The maturation of medulloblastoma into a ganglion cell-rich lesion is very rare, with few well-characterized previous reports. Given the rare nature of this entity, it would be of great value to understand the process of posttreatment maturation and the genetic and treatment factors which contribute to this phenomenon 6).

In the 5th edition of the WHO classification, how are medulloblastomas categorized based on their molecular background? a) Low-risk and high-risk b) Classic and desmoplastic nodular c) WNT, SHH-TP53 wild, SHH-TP53 mutant, and non-WNT/non-SHH d) Standard-risk and high-risk

Which subgroup of medulloblastoma is characterized by activation of the WNT pathway? a) Group 3 b) SHH-activated c) WNT-activated d) Non-WNT/non-SHH

What is the significance of TP53 mutation in SHH medulloblastomas? a) It indicates a better prognosis b) It indicates a worse prognosis c) It has no impact on prognosis d) It classifies the tumor as a WNT-activated subtype

How many subgroups are non-WNT/non-SHH medulloblastomas divided into based on methylation profiling in the 5th edition of the WHO classification? a) 2 b) 4 c) 6 d) 8

What are the clinical risk factors often used for prognosis assessment in medulloblastoma? a) Molecular subgroups b) Histopathological findings c) Age and gender d) Tumor location and size

Which of the following statements is true regarding the classification of medulloblastoma? a) Histopathological classification is the primary method used in the 5th edition of the WHO classification. b) Molecular subgroups are not considered relevant for treatment planning. c) Molecular subgroups guide the development of optimal treatment strategies. d) All medulloblastomas are classified into two main subgroups: WNT and SHH-activated.

What is the main difference between standard-risk and high-risk medulloblastoma? a) The presence of TP53 mutation b) The rate of tumor resection c) The age of the patient d) The presence of metastasis

Which of the following is NOT a method used for molecular subgrouping of medulloblastoma? a) Immunohistochemistry (IHC) b) NanoString Assay c) FISH for MYC amplification d) DNA methylation analysis

What is the advantage of using NanoString Assay for molecular subgrouping of medulloblastoma? a) It can classify older-archived tumor samples. b) It has a higher success rate in classifying tumors. c) It is based on DNA methylation profiling. d) It cannot be used in clinical practice.

Which subgroup of medulloblastoma is characterized by MYC amplification in some cases? a) WNT-activated b) SHH-activated c) Group 3 d) Group 4


c) WNT, SHH-TP53 wild, SHH-TP53 mutant, and non-WNT/non-SHH c) WNT-activated b) It indicates a worse prognosis d) 8 c) Age and gender c) Molecular subgroups guide the development of optimal treatment strategies. b) The rate of tumor resection d) DNA methylation analysis a) It can classify older-archived tumor samples. c) Group 3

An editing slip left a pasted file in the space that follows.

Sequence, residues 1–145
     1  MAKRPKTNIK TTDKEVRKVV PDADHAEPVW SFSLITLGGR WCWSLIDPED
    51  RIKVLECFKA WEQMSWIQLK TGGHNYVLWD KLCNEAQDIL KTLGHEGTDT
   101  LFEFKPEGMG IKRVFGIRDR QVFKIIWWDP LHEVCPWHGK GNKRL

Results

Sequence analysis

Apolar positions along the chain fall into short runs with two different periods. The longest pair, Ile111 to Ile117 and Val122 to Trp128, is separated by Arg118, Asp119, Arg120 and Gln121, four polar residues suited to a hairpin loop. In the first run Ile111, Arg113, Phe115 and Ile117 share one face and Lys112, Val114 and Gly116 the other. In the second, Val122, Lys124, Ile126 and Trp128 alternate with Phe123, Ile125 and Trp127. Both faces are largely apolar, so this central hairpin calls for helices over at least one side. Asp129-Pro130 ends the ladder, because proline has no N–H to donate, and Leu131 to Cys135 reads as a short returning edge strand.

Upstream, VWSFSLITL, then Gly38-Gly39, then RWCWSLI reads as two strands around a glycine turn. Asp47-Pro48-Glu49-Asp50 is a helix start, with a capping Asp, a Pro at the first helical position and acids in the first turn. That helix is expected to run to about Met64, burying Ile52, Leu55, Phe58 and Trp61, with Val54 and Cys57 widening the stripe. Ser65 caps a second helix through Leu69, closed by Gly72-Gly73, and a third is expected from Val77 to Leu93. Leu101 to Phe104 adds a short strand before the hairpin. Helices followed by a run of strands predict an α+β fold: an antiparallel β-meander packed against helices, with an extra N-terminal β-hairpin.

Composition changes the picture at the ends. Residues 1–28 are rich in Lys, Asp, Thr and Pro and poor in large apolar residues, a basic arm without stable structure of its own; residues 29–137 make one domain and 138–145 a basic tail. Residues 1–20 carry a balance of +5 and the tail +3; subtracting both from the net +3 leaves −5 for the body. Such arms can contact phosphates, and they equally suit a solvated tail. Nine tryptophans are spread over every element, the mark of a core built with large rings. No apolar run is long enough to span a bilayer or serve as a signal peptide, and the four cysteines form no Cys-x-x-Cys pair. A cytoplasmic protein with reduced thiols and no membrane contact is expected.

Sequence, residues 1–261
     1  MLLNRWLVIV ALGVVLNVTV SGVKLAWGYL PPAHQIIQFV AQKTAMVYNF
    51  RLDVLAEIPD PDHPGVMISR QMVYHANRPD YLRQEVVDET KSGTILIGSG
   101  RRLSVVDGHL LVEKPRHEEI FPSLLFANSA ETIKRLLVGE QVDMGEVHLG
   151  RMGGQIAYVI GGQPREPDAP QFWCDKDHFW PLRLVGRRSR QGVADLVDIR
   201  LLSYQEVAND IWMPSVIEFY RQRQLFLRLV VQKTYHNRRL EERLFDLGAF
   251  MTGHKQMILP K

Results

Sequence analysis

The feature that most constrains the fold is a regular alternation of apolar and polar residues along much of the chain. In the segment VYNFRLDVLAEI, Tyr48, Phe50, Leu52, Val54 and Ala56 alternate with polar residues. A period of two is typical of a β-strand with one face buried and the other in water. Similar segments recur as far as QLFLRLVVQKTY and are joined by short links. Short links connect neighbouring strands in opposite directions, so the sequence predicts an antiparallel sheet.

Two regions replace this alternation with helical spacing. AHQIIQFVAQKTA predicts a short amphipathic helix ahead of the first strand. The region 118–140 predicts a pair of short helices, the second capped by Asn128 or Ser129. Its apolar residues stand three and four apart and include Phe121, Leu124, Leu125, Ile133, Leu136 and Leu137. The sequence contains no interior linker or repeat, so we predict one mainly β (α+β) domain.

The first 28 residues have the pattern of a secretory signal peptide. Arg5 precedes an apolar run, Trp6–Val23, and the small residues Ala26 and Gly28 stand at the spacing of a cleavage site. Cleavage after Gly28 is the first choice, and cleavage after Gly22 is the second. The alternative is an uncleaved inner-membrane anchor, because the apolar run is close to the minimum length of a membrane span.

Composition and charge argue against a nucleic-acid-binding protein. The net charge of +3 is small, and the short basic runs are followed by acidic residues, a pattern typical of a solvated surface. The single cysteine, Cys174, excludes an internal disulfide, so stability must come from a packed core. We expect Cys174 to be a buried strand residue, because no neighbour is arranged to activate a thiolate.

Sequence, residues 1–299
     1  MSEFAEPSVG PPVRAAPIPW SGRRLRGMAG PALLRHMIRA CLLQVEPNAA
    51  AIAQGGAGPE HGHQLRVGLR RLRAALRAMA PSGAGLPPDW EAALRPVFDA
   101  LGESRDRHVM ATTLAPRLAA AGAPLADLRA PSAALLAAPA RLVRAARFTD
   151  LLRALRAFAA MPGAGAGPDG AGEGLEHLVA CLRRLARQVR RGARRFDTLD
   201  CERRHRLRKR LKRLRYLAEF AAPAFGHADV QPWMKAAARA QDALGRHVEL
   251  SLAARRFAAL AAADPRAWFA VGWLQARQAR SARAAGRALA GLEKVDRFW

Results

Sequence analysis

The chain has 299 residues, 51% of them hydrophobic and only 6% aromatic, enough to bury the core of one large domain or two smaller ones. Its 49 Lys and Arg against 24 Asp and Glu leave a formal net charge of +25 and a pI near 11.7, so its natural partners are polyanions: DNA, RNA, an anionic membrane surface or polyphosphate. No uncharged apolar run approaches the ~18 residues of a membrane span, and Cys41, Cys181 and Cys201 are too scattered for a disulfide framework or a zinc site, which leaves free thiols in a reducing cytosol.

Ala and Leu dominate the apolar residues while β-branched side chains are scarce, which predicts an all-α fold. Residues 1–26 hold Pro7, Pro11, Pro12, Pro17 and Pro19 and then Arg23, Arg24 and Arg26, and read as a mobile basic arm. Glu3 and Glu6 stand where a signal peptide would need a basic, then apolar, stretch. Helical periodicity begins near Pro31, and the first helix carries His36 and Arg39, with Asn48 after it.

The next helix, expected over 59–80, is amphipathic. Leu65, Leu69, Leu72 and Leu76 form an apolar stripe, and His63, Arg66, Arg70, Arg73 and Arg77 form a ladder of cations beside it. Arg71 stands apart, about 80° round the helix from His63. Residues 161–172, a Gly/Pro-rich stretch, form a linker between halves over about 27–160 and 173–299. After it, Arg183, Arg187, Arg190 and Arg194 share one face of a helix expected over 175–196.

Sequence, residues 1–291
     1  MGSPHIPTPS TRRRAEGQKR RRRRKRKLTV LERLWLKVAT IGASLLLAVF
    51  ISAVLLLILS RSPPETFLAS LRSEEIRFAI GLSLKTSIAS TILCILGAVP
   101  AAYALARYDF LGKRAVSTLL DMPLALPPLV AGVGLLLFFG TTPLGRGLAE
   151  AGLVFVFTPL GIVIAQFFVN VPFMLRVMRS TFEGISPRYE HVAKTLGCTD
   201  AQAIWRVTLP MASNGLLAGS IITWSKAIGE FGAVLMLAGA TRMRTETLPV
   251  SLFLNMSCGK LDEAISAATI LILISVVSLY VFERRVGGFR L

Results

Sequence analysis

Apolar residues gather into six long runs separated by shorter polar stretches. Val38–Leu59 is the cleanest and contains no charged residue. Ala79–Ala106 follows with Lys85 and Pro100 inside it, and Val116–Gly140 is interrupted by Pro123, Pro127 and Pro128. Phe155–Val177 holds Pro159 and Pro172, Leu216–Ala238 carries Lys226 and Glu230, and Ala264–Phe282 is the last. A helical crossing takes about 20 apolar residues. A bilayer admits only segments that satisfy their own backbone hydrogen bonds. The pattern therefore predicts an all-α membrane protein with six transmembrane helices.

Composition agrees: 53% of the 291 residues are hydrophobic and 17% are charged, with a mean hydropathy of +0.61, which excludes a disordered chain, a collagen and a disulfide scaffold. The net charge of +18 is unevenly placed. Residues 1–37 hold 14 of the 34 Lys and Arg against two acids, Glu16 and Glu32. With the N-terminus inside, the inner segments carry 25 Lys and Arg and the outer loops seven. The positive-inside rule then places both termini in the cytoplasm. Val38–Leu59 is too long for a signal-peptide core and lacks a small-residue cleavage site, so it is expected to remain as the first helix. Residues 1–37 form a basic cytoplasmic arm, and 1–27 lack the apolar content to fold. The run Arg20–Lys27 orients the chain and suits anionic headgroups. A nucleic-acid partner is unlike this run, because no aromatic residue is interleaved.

Yamaguchi S, Fujimura M. [Medulloblastoma]. No Shinkei Geka. 2023 Sep;51(5):858-866. Japanese. doi: 10.11477/mf.1436204827. PMID: 37743337.

Sharif Rahmani E, Lawarde A, Lingasamy P, Moreno SV, Salumets A, Modhukur V. MBMethPred: a computational framework for the accurate classification of childhood medulloblastoma subgroups using data integration and AI-based approaches. Front Genet. 2023 Sep 7;14:1233657. doi: 10.3389/fgene.2023.1233657. PMID: 37745846; PMCID: PMC10513500.

Riemondy KA, Venkataraman S, Willard N, Nellan A, Sanford B, Griesinger AM, Amani V, Mitra S, Hankinson TC, Handler MH, Sill M, Ocasio J, Weir SJ, Malawsky DS, Gershon TR, Garancher A, Wechsler-Reya RJ, Hesselberth JR, Foreman NK, Donson AM, Vibhakar R. Neoplastic and immune single cell transcriptomics define subgroup-specific intra-tumoral heterogeneity of childhood medulloblastoma. Neuro Oncol. 2021 Jun 2:noab135. doi: 10.1093/neuonc/noab135. Epub ahead of print. PMID: 34077540.

D’Arcy CE, Nobre LF, Arnaldo A, Ramaswamy V, Taylor MD, Naz-Hazrati L, Hawkins CE. Immunohistochemical and nanoString-Based Subgrouping of Clinical Medulloblastoma Samples. J Neuropathol Exp Neurol. 2020 Jan 30. pii: nlaa005. doi: 10.1093/jnen/nlaa005. [Epub ahead of print] PubMed PMID: 32053195.

Kaur K, Jha P, Pathak P, Suri V, Sharma MC, Garg A, Suri A, Sarkar C. Approach to molecular subgrouping of medulloblastomas: Comparison of NanoString nCounter assay versus combination of immunohistochemistry and fluorescence in-situ hybridization in resource constrained centres. J Neurooncol. 2019 May 18. doi: 10.1007/s11060-019-03187-y. [Epub ahead of print] PubMed PMID: 31104222.

Mullarkey MP, Nehme G, Mohiuddin S, et al. Posttreatment Maturation of Medulloblastoma into Gangliocytoma: Report of 2 Cases [published online ahead of print, 2020 Sep 3]. Pediatr Neurosurg. 2020;1-10. doi:10.1159/000509520